Ireland announces details of index-linked, amortising bonds
IRELAND - Ireland's debt management office is to start issuing index-linked and long-dated bonds with a lifetime of up to 35 years, with the amortising bonds designed to specifically appeal to the country's struggling defined benefit (DB) schemes.
According to information published by the National Treasury Management Agency (NTMA) today, the country plans to re-enter the sovereign debt market with bonds of maturities of between 15 and 35 years, as well as issue its first ever inflation-linked paper.
Discussing the changes in the NTMA's annual report, chief executive John Corrigan said: "In order to diversify and increase its sources of funding, particularly from the domestic market, the NTMA has developed, following consultation with the pensions industry, an amortising government bond that will facilitate the creation of long-term annuities and is also planning its first issue of an inflation-linked Irish government bond."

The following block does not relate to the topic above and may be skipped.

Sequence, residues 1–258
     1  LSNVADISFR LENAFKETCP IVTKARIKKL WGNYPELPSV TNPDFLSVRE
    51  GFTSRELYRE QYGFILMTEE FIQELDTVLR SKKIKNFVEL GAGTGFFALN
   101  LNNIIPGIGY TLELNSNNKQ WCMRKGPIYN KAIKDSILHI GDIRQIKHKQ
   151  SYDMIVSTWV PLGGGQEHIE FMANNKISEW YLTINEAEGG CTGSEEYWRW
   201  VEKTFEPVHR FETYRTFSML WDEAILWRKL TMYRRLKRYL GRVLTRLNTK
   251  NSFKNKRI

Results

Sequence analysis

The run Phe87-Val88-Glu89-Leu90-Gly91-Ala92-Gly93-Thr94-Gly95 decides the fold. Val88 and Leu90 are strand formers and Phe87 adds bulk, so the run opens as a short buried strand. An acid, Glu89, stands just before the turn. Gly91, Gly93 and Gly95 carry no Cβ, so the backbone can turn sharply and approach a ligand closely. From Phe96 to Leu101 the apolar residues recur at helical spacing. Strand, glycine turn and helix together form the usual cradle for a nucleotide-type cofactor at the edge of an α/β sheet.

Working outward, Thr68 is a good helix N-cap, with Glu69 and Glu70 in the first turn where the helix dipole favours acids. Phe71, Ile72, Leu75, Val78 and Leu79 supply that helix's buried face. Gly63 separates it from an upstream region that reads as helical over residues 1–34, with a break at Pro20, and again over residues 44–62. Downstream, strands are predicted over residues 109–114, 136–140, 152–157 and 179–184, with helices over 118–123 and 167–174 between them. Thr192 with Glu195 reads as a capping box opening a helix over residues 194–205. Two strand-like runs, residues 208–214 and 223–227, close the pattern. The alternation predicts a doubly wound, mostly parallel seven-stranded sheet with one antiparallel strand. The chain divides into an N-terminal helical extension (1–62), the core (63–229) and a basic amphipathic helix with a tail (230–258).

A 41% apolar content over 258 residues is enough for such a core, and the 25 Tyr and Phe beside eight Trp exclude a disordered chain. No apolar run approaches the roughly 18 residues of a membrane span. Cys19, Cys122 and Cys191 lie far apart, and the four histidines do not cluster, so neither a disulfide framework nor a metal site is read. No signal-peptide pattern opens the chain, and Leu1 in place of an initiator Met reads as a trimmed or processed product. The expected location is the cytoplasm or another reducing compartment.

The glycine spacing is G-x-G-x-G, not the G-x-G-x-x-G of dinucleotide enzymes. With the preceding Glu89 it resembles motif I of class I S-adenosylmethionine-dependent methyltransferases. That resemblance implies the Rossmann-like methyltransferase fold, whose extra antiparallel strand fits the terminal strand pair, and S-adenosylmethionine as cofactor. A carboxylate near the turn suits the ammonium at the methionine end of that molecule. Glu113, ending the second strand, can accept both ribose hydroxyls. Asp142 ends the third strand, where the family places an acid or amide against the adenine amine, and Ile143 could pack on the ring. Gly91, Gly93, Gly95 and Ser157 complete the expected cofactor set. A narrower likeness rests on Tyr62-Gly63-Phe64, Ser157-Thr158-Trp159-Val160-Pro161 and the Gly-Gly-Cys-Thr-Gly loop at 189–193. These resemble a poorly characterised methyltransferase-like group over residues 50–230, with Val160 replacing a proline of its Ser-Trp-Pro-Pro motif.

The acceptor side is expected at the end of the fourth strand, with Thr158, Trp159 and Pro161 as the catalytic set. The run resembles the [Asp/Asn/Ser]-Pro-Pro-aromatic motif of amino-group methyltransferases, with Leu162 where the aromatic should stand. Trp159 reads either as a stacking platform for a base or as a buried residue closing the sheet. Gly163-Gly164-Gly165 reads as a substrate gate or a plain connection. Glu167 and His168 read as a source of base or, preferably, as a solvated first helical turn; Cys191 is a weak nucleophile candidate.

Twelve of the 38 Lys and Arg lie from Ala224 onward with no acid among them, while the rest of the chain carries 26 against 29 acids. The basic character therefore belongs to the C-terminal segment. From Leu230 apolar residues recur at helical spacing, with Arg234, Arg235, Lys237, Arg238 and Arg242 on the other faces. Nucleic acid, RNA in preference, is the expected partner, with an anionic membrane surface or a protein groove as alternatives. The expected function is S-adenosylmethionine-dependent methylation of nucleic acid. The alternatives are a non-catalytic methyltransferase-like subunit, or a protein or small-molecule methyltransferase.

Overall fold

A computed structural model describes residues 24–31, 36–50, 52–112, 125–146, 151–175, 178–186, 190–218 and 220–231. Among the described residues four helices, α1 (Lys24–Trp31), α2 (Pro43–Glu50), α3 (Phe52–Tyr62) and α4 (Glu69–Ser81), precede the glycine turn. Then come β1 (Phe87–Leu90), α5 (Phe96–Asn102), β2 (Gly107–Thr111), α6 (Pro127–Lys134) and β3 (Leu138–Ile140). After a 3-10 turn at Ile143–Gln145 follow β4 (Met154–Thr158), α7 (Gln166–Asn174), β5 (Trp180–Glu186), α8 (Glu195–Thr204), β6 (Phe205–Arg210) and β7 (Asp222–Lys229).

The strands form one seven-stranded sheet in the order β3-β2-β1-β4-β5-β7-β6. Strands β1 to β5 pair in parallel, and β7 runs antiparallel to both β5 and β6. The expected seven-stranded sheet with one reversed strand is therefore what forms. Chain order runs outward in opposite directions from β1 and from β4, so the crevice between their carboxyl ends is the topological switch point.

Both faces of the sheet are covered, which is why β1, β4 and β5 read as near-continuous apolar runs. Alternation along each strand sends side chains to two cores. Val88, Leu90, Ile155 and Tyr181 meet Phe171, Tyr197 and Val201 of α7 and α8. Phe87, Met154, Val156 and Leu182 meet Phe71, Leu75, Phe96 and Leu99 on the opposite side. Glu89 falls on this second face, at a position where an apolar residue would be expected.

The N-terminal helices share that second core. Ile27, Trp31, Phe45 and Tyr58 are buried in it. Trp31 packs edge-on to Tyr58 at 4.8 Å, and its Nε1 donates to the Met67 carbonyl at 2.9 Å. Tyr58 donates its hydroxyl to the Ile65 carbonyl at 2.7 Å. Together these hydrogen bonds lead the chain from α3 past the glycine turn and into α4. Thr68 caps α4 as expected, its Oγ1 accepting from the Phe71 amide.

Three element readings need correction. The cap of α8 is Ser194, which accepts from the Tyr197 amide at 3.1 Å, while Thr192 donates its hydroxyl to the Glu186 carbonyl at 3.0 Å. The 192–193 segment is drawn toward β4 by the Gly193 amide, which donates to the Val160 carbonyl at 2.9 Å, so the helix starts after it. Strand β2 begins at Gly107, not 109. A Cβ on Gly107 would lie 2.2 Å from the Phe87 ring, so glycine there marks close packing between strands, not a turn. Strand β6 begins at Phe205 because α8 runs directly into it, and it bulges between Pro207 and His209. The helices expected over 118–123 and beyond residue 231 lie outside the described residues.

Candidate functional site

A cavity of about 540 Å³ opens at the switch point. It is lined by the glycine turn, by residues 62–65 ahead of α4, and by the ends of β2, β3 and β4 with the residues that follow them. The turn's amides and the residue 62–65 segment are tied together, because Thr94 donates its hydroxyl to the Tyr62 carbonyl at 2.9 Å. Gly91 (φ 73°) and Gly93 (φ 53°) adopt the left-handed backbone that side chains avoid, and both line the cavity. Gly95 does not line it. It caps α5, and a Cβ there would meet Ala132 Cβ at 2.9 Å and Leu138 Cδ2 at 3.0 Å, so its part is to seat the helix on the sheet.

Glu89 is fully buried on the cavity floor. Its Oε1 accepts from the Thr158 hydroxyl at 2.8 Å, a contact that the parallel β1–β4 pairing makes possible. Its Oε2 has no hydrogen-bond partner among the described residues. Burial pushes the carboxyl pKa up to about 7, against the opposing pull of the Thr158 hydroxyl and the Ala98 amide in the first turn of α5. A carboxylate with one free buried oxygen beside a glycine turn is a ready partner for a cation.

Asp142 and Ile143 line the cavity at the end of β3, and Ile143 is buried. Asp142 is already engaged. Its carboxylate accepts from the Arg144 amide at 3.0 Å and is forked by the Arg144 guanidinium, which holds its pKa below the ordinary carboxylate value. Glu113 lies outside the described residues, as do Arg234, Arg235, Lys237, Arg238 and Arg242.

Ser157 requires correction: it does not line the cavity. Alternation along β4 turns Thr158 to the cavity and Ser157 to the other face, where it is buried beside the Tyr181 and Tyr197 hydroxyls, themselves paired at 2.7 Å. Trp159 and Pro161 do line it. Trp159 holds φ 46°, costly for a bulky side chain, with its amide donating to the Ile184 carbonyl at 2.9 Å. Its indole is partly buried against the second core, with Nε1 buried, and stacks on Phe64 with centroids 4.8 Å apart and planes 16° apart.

The agency said it was looking to raise between €3bn and €5bn from issuances over the next 18 months.
Danske Markets fixed income dealer Owen Callan said the target was "aggressive" and that the overall intake would be lower due to most interest initially coming from domestic buyers.
However, he said that, overall, Danske viewed the amortising bond as a positive development.
"It's a quite innovative idea, and I think some other countries will be looking at it," he told IPE.
"I know across the Danske Bank group we have been looking at, and maybe suggesting to the other debt management agencies we deal with, that this is a way of encouraging new and more diverse sources of funding."
He said the amortising bond - which repays the principal in stages over the lifetime of the paper, rather than at the end - would particularly appeal to pension funds, with the issuance by the NTMA designed to function as a basis for Ireland's new sovereign annuities.
Callan said it was difficult to say what the take-up on the Irish issuances would be due to the "conservative" nature of pension funds.
But he added that there would nonetheless be demand for products that could assist with their funding issues.
Contradicting previous reports of only reverse enquiry issuance being employed, the NTMA said it would also proceed with auctions at all stages.
The move comes as part of the country's attempt to re-establish itself on the sovereign debt market following its bailout by the EU and the IMF.
The NTMA issued its first new debt since the bailout earlier this month, auctioning €500m of three month paper at a yield of 1.8%.